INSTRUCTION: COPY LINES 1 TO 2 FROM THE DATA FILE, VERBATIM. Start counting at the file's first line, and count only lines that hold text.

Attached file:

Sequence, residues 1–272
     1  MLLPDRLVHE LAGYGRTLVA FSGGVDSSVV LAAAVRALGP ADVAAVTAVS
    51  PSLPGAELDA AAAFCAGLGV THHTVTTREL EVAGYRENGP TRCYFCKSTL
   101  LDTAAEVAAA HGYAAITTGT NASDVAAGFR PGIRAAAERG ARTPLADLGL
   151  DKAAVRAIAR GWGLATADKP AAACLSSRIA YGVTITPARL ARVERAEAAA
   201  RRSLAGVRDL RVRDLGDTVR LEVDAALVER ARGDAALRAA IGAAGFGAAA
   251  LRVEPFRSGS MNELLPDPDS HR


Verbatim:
Sequence, residues 1–272
     1  MLLPDRLVHE LAGYGRTLVA FSGGVDSSVV LAAAVRALGP ADVAAVTAVS